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The Ritman Library and The Hermitage Amsterdam

Posted on by BPH

Cultural heritage institutions are working together more and more to make things happen, and it’s happening here in Amsterdam, too. On 8 March Mr. Mikhail Piotrovsky, director of The State Hermitage Museum of St. Petersburg, officially opened A Curious Tsar. Peter the Great and discovering Nature’s Secrets in Amsterdam, the new exhibition now showing in The Ritman Library. In the major new exhibition on Peter the Great and his times in the Hermitage Amsterdam: An Inspired Tsar, includes a copy of a remarkable early 17th-century medical ‘pop-up book’ given in loan to the Hermitage by The Ritman Library. Its counterpart, in Dutch, is on view in the A Curious Tsar exhibition, which tells the story of Peter the Great’s fascination for the cabinets of curiosities he found in Amsterdam and that of his trusted physician, the iatrochemist Robert Erskine.

 

The Ritman Library in the Hermitage

Maybe you have already been to see the wonderful exhibition in the Hermitage. If you have, you will no doubt have come across a very special book, the Pinax microcosmographicus, a work by the German physician Johannes Remmelin and the first anatomical atlas to reflect microcosmic and macrocosmic relations, part of the collection of The Ritman Library.

Pinax microcosmographicus, by Johannes Remmelin

The Tsar’s personal physician, the Scotsman Robert Erskine, owned a later edition of this work. Erskine is another focus of the exhibition: as the Tsar’s trusted physician, Erskine mediated in the purchase of cabinets of curiosities and as a follower of Paracelsus he treated Peter the Great with iatrochemical medicines. He owned an exceptional library in the field of alchemy and hermetic philosophy – a number of works from the collection of The Ritman Library which were also to be found in Erskine’s private library is on show in the A Curious Tsar exhibition.

Exhibition ‘Peter the Great, an inspired Tsar in the Hermitage Amsterdam

Now a hero, and now a sage,
building ships or sailing the seas,
his mind encompassed all his age,
and he worked from his throne without cease.
Aleksandr Poesjkin

In 2013, a year of celebration in Dutch-Russian relations, the Hermitage Amsterdam is preseningt a major exhibition devoted to Peter the Great (1672–1725), the modernizer of Russia. The exhibition paints a picture of this unconventional, inspired and inquisitive Russian tsar, who by the time he took power at the age of 17 was determined to transform his country. His achievements include reforming the military and the church, expanding trade and industry, and improving education and public health. He turned Russia into a great European power with a brand-new capital city: St Petersburg, his “window on the West.” With historical artefacts, paintings, gold jewellery from the ancient world, weapons and unique documents, the exhibition sketches the life of this peerless ruler. From his youth Peter collected art, including a Rembrandt, planting the seed for St Petersburg’s later Hermitage collection. An enthusiastic traveller, he went on two visits to Western Europe, including the Dutch Republic. It was the city of Amsterdam, in particular, that inspired him to found his new capital. Peter befriended many leading figures in Dutch society, such as Nicolaas Witsen (mayor of Amsterdam), Christoffel van Brants (shipper, and grain and arms merchant), Albert Seba (apothecary and collector of natural curiosities) and Frederik Ruysch (physician, anatomist and botanist). Like a sponge, he absorbed what they taught him about shipbuilding, making instruments, carpentry, etching, dissection, pulling teeth, making paper, gardening, bookmaking, and much more. Find out how this knowledge bore fruit in Russia during your visit to Peter the Great, an Inspired Tsar. You will also find many of Peter’s personal effects, such as his suits and one of his coaches, all of which show how profoundly he was influenced by Western tastes.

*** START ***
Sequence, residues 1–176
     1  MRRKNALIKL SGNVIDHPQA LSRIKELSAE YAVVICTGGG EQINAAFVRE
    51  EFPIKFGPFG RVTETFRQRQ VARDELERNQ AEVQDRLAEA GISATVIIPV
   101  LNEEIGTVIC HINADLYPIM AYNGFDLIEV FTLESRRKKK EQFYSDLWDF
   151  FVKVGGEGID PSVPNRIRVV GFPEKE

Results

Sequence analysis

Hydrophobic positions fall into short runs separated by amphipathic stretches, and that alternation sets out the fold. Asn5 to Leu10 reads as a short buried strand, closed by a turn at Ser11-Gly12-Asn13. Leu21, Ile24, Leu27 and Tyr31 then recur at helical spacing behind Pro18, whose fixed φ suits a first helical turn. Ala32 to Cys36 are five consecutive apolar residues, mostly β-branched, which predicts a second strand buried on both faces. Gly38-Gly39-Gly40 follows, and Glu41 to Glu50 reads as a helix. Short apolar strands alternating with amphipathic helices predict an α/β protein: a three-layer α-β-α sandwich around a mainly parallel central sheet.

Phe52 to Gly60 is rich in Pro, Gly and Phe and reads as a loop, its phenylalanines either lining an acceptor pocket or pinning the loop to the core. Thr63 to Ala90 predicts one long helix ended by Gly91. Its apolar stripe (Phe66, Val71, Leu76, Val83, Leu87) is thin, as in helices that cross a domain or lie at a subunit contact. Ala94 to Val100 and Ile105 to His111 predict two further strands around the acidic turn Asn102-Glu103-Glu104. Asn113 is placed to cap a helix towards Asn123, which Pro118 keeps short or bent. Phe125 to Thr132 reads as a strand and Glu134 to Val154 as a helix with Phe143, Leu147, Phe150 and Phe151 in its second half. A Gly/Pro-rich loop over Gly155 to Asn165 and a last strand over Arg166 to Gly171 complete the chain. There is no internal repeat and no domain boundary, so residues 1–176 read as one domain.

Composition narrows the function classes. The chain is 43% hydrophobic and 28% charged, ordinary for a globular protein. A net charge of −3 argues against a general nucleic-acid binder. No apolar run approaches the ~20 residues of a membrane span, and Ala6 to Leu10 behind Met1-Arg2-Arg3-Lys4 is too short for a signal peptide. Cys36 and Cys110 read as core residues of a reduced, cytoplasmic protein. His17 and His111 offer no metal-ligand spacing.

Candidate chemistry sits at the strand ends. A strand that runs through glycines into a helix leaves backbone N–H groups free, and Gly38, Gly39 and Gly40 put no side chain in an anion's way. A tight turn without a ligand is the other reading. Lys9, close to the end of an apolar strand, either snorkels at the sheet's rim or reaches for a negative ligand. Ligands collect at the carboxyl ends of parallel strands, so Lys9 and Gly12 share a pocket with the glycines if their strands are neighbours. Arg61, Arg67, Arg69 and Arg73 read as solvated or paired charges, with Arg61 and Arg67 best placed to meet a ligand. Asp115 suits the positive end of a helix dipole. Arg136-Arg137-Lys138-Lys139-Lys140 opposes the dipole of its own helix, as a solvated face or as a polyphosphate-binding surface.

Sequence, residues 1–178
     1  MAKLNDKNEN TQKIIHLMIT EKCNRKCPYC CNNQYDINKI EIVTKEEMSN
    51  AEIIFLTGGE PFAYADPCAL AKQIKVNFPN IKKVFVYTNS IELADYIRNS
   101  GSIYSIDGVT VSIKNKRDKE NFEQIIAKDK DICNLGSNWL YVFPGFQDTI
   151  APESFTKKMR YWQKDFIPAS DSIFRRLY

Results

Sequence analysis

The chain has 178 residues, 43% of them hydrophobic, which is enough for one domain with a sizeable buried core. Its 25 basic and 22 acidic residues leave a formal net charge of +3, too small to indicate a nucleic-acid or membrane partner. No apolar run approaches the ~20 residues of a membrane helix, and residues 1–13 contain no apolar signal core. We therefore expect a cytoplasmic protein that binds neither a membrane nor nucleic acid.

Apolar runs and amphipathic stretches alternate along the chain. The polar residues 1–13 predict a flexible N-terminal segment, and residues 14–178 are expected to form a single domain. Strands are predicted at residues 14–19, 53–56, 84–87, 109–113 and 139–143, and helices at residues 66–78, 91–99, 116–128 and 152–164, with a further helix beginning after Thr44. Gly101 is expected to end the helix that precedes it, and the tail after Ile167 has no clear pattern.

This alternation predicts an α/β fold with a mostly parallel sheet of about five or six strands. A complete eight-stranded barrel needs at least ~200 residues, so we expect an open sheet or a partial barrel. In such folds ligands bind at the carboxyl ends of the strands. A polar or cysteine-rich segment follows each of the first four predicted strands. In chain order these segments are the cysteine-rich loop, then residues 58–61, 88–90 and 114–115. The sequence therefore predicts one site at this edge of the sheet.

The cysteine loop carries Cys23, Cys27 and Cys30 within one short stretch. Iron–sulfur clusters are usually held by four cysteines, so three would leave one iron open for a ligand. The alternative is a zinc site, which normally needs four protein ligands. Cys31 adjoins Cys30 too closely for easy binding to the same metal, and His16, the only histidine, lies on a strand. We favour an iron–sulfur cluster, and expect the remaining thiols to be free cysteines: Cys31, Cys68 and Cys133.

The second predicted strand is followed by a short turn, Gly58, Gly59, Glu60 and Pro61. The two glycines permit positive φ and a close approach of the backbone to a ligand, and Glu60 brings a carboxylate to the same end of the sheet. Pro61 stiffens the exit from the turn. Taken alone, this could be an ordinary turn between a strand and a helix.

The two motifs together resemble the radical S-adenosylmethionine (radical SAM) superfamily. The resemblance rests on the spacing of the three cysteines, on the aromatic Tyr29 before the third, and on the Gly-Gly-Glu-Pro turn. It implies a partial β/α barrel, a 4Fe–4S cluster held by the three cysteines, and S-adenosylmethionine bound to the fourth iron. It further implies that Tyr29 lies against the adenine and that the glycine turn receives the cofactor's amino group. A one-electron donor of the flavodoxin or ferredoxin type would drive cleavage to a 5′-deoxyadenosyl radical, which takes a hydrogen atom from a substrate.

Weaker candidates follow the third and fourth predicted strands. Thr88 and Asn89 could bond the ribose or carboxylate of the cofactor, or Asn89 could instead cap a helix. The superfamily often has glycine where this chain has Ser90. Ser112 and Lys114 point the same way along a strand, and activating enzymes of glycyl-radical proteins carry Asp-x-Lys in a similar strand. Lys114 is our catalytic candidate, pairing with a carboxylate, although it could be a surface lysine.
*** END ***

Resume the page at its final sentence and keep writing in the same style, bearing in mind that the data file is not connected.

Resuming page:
For more information about the exhibition go to the website of the Hermitage Amsterdam.

One Response to The Ritman Library and The Hermitage Amsterdam

  1. Vara Sue Tamminga, PhD says:

    The connection between Russia and its vast, opulent grandeur and the small, humble celebration of middleclass citizens and even servants in Dutch painting created a curious bond. Russia with its absolute monarchs, the Netherlands with its love of democracy and vacillating support of the House of Orange, made for an odd couple. Yet both were hungry for change and new ideas. The Netherlands takes on the role of tutor to so much of the world in Russia and in the far east. Even the marriage of the Dutch Princess Pavlovna in the 19th century into the Russian aristocracy influences the folk stories and ballet of late 19th century Russia. Fascinating exhibit. I would love to hear some lectures on this mysterious alliance.

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